Star anise and lemongrass. (No, that’s not a band name.)

jen's splash

RECIPE: Miso soup with spicy bok choy wontons.

Sure, it was one of those weeks that started with me taking a (mild) tumble on my bike. Time in the kitchen this week has been much more fulfilling.

Using really pretty spices like star anise. I ignore that they smell like licorice, which I dislike. And adore that I found a recipe that required their use for a broth. And hello, look at all this, too:

It’s the recipe that’s new and mysterious, like that hot exchange student in high school.

Lemongrass stalks. Never used before (and, even organic, they only cost me 54 cents!). So these ingredients, plus an onion and cloves and peppercorns, etc. created the broth.

Meanwhile, there were the wontons to tackle, which were inspired by needing to use all the bok choy in Ken’s garden — which was starting to bolt.

(Even though my mother has stated that bok choy is just for feeding their grandson’s tortoise, I love it.) Bok choy ribbons plus cayenne and toasted sesame oil.

No, I didn’t make the wonton dough; I bought a package of wrappers. Easy. And added another ingredient to the broth: miso, a fermented bean paste.

Hey. Don’t turn your nose up at miso.

  • It’s a standard item in Asian kitchens and is touted as a fantastic protein, digestive aid and full of B-vitamins.
  • More? It helps detox your system, boosts your immune systems and is high in antioxidants.
  • And you can totally use it in soups, dressings, sauces, etc.

Learn to love it. I know I will.

So my broth has been strained and I added the beloved miso, scallions and dropped in these wontons.

The result? A rich, spicy, satisfying soup. Which is a welcome remedy to stupid bike spills.

RECIPE RATING: 5 of 5 glasses of chilled white wine. Ahh.

Miso soup with spicy bok choy wontons
Cook time: 2 hours
Total time: 2 hours
  • For the broth: (remember, these items will be strained out of the broth, so they don’t need fine dicing attention)
  • 1 tablespoon vegetable oil
  • 1 medium sweet onion, diced
  • dash of salt
  • 3 tablespoons peeled, minced fresh ginger
  • 8 whole black peppercorns
  • 4 whole cloves
  • 2 star anise pods
  • 5 1/2 cups water
  • 3 cups vegetable broth
  • 2 lemongrass stalks, thinly sliced crosswise (use the pale parts only, from the middle of the stalk)
  • For the wontons:
  • 1 teaspoon vegetable oil
  • 3 large shallots, peeled and thinly sliced (about 1 cup)
  • 2 medium garlic cloves, minced
  • 1 pound baby bok choy, cleaned, ends trimmed and sliced into thin ribbons (about 3-4 cups cups)
  • 2 teaspoons soy sauce
  • Pinch of cayenne pepper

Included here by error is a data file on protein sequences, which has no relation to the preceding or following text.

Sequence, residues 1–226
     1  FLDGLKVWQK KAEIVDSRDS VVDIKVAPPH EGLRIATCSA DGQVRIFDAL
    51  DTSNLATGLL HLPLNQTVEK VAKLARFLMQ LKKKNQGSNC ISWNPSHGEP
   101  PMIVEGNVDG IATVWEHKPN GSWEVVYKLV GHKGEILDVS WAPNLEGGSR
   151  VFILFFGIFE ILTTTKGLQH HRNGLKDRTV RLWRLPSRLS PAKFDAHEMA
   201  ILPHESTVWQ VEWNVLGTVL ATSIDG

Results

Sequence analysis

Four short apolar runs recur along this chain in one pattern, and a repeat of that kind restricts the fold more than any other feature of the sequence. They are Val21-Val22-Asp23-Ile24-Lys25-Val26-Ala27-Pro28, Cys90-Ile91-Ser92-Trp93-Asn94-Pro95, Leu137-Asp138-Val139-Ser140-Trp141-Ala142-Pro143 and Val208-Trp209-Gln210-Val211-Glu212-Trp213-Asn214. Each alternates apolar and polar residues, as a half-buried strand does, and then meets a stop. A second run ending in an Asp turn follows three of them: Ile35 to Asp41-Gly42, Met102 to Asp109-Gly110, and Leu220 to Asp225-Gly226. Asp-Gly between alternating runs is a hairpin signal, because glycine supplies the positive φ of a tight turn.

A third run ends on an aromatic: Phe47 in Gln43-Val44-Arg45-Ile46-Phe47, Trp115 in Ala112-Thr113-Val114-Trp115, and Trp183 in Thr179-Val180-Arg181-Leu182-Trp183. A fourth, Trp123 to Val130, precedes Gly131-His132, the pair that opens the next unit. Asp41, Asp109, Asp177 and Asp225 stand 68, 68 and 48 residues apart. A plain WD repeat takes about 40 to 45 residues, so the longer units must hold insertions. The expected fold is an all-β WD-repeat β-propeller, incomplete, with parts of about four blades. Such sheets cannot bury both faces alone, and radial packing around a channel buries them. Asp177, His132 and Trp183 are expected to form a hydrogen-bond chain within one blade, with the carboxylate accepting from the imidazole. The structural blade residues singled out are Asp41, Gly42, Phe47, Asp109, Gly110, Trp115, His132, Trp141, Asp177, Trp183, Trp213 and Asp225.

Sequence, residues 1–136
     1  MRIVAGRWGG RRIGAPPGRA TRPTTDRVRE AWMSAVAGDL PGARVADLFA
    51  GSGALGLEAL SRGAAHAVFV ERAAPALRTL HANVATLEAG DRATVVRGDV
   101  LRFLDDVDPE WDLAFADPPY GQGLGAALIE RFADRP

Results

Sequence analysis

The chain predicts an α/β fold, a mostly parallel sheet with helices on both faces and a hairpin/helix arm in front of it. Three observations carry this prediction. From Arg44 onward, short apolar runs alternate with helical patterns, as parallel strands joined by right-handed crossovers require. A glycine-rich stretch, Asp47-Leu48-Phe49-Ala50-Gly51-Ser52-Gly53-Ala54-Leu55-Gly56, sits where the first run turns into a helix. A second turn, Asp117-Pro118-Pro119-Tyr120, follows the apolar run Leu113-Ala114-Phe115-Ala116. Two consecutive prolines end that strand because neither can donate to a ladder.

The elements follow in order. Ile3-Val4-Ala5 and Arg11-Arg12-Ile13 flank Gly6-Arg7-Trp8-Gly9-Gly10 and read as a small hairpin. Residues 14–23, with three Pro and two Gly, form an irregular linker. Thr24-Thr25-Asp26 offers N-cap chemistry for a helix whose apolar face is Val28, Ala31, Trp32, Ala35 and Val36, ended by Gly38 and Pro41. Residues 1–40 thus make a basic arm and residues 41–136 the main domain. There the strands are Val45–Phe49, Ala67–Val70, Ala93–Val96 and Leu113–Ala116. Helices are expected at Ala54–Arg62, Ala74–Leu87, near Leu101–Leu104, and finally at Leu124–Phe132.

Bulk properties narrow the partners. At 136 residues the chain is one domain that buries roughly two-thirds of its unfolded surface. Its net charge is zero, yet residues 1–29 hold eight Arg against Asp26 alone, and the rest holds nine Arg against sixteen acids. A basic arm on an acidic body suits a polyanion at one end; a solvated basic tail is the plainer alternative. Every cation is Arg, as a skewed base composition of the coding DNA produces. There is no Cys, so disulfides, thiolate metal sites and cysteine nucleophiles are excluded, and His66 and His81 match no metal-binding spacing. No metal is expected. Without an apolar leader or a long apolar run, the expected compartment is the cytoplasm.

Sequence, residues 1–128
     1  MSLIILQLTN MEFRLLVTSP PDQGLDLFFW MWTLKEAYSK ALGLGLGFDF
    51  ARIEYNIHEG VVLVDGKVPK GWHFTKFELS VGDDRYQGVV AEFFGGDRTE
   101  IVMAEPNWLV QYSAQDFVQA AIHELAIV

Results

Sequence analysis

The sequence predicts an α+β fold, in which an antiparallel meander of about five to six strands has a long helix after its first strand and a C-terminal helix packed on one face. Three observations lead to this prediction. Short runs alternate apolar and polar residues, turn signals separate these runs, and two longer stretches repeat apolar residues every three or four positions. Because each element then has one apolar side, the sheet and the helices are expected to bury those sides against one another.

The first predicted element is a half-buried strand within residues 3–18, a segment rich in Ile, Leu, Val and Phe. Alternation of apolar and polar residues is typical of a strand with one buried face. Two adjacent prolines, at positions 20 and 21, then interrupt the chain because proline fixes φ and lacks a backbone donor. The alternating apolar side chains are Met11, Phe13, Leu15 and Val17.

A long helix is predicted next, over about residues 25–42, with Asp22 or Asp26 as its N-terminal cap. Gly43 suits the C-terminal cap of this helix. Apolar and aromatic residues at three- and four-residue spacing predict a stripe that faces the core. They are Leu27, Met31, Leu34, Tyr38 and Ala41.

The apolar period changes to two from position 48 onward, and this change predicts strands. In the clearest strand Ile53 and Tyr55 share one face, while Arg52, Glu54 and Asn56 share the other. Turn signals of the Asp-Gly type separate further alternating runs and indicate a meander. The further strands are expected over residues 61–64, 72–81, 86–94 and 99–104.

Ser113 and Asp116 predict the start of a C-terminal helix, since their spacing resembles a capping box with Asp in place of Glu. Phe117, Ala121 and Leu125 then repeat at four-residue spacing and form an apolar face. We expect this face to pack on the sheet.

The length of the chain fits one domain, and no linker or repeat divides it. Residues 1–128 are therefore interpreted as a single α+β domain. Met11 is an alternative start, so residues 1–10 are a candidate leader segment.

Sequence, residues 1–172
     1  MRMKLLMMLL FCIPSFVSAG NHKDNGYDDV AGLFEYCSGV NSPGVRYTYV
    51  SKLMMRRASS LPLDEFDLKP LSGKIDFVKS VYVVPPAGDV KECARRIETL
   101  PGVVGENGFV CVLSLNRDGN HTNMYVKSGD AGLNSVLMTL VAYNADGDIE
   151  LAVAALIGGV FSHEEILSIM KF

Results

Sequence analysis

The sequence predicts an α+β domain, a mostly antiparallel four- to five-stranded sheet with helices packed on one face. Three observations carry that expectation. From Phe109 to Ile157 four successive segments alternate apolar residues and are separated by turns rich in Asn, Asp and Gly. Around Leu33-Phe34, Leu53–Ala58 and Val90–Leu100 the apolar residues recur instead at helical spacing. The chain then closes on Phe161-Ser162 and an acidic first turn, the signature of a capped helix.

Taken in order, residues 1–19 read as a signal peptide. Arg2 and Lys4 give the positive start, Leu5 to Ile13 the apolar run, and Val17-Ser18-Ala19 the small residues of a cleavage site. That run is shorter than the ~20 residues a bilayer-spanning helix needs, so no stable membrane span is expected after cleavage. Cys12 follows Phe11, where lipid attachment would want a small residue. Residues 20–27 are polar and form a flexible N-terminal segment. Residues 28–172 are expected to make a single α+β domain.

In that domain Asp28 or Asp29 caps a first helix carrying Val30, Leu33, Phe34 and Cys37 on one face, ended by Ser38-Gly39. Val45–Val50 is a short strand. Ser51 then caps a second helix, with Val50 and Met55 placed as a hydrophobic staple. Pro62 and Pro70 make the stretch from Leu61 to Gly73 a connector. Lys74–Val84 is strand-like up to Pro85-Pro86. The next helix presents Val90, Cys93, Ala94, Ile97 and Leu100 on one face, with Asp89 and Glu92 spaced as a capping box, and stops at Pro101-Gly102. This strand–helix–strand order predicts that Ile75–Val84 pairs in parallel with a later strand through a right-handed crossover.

• 1 1/2 teaspoons toasted sesame oil
  • 18 wonton wrappers
  • For the soup:
  • 1/4 cup red miso paste
  • 1/2 teaspoon your favorite hot sauce, plus more as needed
  • salt to taste
  • Freshly ground black pepper
  • 2 scallions, thinly sliced for garnish
  • Juice of 1/2 lemon
  1. For the broth:
  2. Heat the oil in a large pan over medium heat until shimmering. Add the onion, season with salt, and cook, stirring occasionally, until just starting to soften, about 2 minutes. Add the ginger, stir to combine, and cook until fragrant, about 2 minutes. Add the remaining listed ingredients and stir to combine. Bring to a boil, reduce the heat to low, cover, and simmer until the vegetables have softened and the flavors have melded, about 45 to 60 minutes.
  3. For the wontons:
  4. Meanwhile, wash and prep your bok choy, shallots and garlic.
  5. Heat the oil in a medium frying pan over medium heat until shimmering. Add the shallots and garlic and cook, stirring occasionally, until the garlic is lightly golden brown and fragrant (take care not to burn the garlic), about 5 minutes.
  6. Add bok choy, soy sauce, and cayenne and stir to combine. Cover and let the bok choy cook for 2 minutes. Uncover and cook, stirring occasionally, until most of the moisture has evaporated and the bok choy is softened but still bright green, about 1 minute. Remove from heat, drizzle with the sesame oil, and stir to combine.
  7. Place 1 or 2 wonton wrappers on a clean, dry work surface. Place a teaspoon of the bok choy mixture in the center of each wrapper. Wet your finger with water and use it to moisten the perimeter of each wrapper. Fold the wrapper in half to create a rectangle and press the edges to make sure they are well sealed. Pull the folded corners of the rectangle together over the center of the filling so that those corners overlap slightly and press the ends together until sealed, moistening the wrapper as needed so that it adheres. (We actually tried several wonton shapes, and they all held up in the soup.) Repeat with the remaining wrappers.
  8. For the soup:
  9. When the broth is ready, strain it through a fine-mesh strainer into a large bowl; discard the solids. Wipe out the saucepan, return the broth to the pan, and bring it to a gentle simmer over medium heat. Add the miso and hot sauce and whisk until completely incorporated. Taste and season with salt and pepper as needed.
  10. Drop the wontons into the simmering stock one by one, stirring gently to prevent sticking. Reduce the heat to low, cover, and simmer until the wontons are tender and warmed through, about 3 minutes. (Do not let the broth come to a vigorous boil, or the wontons may fall apart.)
  11. Add lemon juice and 3/4 of the scallions.
  12. Taste and add more hot sauce, salt or pepper as needed. Divide the soup and wontons among serving bowls and garnish with the remaining scallions.
  13. Enjoy!


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One Response to Star anise and lemongrass. (No, that’s not a band name.)

  1. Julene says:

    Those wontons look complicated but oh-so-delicious! and YOU were so that hot exchange student in the Australian high school. :)

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